The framework excludes projects related to nuclear energy, fossil-fuel powered vehicles or fossil-fuel exploration and exploitation, large scale hydroelectric projects, weapons, tobacco, gaming, palm oil industries, and direct manufacture of alcoholic beverages.
A key area of improvement would be stronger definitions for the use of proceeds categories, with minimum thresholds. For example, minimum energy efficiency improvement levels or the minimum energy intensity for energy projects. Investment in these areas will help to boost the ESG performance of the UK from both a risk and impact perspective.
A cross-government Inter-departmental Green Bond Board (known as the IDGBB) will be responsible for the process of project evaluation and selection, ensuring that projects fall into one of the use of proceeds categories highlighted above.
As well as aligning with the categories above, projects will be analysed for controversies and alignment with international standards. These include the OECD Guidelines for Multinational Enterprises and the UN Guiding Principles on Business and Human Rights. We note the use of international standards positively.
The framework is aligned with the UK government’s overall sustainability strategy and aims to align with the UK taxonomy currently in development. The taxonomy aims to create a standardised list of economic activities considered environmentally positive or additive. However, with the taxonomy not published, the strength this adds to the framework is uncertain.
The maximum amount of refinancing will be 50% and the maximum lookback period will be 12 months. We believe this strengthens the framework compared to other sovereign issuers.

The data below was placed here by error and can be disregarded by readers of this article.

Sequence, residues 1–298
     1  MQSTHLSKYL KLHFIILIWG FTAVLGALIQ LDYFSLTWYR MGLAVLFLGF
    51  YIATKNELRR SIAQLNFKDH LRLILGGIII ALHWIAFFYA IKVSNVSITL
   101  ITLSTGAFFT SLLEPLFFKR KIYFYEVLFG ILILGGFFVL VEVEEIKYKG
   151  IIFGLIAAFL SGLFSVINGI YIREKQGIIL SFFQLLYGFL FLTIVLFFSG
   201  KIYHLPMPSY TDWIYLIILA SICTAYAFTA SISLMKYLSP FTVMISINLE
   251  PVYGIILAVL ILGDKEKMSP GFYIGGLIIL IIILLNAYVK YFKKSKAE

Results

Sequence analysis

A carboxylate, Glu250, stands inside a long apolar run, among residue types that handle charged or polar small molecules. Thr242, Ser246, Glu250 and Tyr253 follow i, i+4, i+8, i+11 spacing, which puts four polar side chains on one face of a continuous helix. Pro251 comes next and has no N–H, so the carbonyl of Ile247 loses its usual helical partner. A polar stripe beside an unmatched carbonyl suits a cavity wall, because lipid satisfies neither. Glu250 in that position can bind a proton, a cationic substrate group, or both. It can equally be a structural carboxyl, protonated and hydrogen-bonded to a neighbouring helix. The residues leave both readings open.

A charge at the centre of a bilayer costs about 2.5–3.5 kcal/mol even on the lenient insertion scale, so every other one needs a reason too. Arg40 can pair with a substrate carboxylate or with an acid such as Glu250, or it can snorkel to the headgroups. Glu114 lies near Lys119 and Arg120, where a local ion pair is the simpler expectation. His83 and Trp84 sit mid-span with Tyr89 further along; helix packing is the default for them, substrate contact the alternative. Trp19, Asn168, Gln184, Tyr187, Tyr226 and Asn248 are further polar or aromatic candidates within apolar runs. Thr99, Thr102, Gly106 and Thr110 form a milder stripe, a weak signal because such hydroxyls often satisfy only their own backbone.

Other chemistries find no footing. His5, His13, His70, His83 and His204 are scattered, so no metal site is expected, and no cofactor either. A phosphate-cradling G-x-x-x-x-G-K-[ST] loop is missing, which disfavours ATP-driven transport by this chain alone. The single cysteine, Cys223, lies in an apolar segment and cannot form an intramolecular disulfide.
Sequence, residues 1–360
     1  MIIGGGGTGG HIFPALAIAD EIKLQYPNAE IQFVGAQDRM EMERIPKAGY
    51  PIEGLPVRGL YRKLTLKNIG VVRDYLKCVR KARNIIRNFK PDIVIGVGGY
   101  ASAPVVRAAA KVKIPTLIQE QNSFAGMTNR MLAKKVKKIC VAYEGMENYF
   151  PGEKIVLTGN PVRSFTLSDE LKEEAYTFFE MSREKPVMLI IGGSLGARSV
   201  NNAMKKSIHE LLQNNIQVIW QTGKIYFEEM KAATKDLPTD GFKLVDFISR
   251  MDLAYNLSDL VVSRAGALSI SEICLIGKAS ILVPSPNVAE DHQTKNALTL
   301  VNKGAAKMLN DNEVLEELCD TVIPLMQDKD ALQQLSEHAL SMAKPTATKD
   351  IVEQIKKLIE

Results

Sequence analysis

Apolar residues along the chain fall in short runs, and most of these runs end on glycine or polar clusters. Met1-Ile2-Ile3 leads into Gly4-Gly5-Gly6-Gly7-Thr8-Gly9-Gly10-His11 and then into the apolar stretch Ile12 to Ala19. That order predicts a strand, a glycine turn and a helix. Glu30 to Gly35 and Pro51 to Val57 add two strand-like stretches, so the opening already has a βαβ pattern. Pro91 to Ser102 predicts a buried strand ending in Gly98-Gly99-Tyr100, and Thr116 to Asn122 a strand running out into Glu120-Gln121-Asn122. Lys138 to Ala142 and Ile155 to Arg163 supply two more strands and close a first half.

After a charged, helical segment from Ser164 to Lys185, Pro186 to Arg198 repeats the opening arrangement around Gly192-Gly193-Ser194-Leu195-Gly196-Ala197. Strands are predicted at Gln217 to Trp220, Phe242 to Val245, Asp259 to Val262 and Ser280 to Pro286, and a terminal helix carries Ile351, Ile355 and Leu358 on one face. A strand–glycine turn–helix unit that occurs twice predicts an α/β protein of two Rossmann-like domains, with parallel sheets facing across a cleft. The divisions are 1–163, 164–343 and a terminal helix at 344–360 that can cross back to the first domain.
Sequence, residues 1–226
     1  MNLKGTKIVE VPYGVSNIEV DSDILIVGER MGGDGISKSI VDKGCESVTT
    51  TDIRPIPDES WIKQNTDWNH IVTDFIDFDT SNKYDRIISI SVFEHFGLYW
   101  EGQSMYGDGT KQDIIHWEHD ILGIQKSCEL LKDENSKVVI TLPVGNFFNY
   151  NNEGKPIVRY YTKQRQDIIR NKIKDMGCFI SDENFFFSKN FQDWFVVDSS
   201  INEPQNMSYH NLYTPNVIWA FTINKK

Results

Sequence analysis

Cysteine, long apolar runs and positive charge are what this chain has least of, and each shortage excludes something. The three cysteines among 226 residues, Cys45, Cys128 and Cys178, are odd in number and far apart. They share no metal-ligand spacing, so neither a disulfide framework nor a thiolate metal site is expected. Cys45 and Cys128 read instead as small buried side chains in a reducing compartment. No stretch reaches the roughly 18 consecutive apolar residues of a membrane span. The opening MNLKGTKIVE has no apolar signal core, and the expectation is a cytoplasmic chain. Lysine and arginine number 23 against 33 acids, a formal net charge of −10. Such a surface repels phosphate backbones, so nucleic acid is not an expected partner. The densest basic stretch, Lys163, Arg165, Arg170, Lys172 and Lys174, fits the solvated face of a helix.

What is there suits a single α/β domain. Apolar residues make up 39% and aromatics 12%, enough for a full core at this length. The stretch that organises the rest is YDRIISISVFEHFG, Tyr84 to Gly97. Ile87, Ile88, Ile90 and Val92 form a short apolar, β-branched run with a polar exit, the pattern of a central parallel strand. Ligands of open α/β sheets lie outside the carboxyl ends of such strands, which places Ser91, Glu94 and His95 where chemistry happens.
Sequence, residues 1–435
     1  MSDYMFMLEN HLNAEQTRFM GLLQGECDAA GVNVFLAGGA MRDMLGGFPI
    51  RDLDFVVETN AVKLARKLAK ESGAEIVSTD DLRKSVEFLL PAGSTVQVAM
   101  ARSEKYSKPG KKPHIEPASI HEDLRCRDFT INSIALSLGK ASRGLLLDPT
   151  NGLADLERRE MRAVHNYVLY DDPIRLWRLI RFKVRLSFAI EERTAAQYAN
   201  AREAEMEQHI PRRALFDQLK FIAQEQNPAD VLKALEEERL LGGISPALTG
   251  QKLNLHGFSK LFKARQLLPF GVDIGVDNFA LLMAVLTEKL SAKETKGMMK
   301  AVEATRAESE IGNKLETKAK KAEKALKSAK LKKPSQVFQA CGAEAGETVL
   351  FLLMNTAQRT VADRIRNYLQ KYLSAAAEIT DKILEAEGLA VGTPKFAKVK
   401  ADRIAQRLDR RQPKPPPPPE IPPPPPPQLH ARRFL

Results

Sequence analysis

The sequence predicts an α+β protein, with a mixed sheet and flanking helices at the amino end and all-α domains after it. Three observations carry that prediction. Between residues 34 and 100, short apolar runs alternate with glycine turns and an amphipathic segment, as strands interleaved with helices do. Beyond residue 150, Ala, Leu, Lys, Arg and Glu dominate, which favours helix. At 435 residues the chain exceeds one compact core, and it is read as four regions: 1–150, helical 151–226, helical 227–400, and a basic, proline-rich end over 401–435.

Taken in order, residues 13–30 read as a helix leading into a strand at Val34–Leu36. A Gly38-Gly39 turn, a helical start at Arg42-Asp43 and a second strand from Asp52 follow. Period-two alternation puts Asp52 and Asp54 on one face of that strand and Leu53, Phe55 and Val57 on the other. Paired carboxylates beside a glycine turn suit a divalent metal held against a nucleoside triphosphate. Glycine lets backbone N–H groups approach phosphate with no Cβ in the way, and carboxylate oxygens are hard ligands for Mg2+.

Disclosing the maximum amount of refinancing is in line with best practice; our preference is for most proceeds to be used for new financing for projects to increase the potential impact of the bond.
However, the framework outlines that eligible green expenditures can include direct/indirect investment expenditures, subsidies and tax foregone on some but not all operational activities. The inclusion of tax breaks for use of proceeds weakens the framework, as the impact is likely to be less tangible and impactful than explicit capital expenditure.
Proceeds will be managed via a green register, which is preferred over a portfolio approach. Full allocation is expected within two budget years and, pending full allocation, proceeds will be managed according to HM Treasury cash management guidelines. This is in line with market practice.
The framework commits to annual verification allocation and impact reports, with relevant key performance indicators.
A strength of the framework is the focus of reporting on the co-social benefits of the green projects. The social benefits are likely to include green jobs creation, support small and medium-sized enterprise, and protecting people’s homes and livelihoods from the impacts of climate change. This emphasises the focus on creating a just transition to a low carbon economy and helps to distinguish the UK government framework from other sovereign green bonds.
To read our previous update on green gilts, focusing on the likely characteristics of green gilts and their potential suitability for investor portfolios, please click here.
1UK Government Green Financing, 30 June 2021, UK Government.
2Ratings and scores are subject to change, for information only and are not investment recommendations. To read more about the Prime sovereign ESG ratings, please click here.